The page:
He lives in the South End with his wife Alexandra.

Born in Puerto Rico, Jon and his family left in search of opportunity and made their way to Boston. The move allowed his father to finish college at Northeastern University while they lived in subsidized housing and relied on government support. But while Boston offered the promise of expanded opportunity, Jon’s family also found a city facing a scourge of gun violence, struggling schools, and worsening inequity. 

At ten years old, Jon learned that his uncle had been diagnosed with HIV, a disease that would eventually claim his life and leave his son — Jon’s cousin — an AIDS orphan. The memory of his uncle’s inability to access care while living just blocks away from the world’s greatest health care institutions remains a central motivation to Jon’s public service. It’s a story that reflects the systemic inequities that too many families across Boston face and it sparked Jon’s lifelong interest to serve those most in need.

After college, drawn to service, Jon volunteered for the Peace Corps, organizing sugarcane workers and communities in the Dominican Republic; won a Fulbright Scholarship to study in Paris; and ultimately spent almost five years abroad working across Europe, Latin America, and Africa.

Jon returned to Boston with a plan to study medicine and give back to his community. A graduate of Yale School of Medicine, Jon now works as an ER doctor at Boston Medical Center, the city’s safety net hospital. Continuing his service and following a family tradition, Jon also serves as captain in the U.S. Army Reserve and has been deployed overseas.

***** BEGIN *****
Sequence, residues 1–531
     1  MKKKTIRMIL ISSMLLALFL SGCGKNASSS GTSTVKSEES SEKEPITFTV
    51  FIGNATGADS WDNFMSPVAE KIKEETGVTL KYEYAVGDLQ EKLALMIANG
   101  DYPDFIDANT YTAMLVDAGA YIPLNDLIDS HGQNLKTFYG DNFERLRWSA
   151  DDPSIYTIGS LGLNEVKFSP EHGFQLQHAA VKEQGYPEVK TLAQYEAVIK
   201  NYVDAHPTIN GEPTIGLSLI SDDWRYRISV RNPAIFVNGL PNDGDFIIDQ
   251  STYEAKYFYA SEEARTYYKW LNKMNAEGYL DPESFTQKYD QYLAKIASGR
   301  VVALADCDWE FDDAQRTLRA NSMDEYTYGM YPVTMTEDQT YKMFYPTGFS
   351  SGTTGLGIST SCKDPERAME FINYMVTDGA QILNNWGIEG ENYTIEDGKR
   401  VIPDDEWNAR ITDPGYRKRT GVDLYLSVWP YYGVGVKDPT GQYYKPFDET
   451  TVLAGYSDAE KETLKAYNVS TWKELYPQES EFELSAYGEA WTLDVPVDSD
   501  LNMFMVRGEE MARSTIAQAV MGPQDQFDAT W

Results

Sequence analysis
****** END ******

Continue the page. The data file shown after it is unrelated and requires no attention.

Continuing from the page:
Beyond his work as an ER physician, Jon has fought to address health disparities and combat the opioid epidemic as a state representative in the Massachusetts Legislature. Jon secured millions of dollars for his neighborhood to address the opioid crisis, helped to preserve and expand affordable housing, and worked to pass a once-in-a-generation education reform bill. Jon also successfully lobbied the MBTA to preserve the #43 MBTA bus, protecting vital public transportation serving seniors and vulnerable communities. Jon is proud to have been a leader in one of the most productive and progressive legislative sessions in recent memory. 

During the COVID-19 pandemic, Jon has been one of the city’s leading voices informing and educating the public. In addition to doubling his hours in the emergency room, Jon served as a member of the House of Representative COVID-19 Working Group to advise policy making and ensure state government accountability. Jon is actively working with community leaders across the city and has filed legislation to ensure equitable distribution of vaccinations to working families and communities of color throughout the city.

He lives in the South End with his wife Alexandra.

Now, Jon Santiago is running for mayor of Boston. He will bring his life’s work as a public servant to City Hall and work in partnership to lead the city through a recovery rooted in equity and opportunity.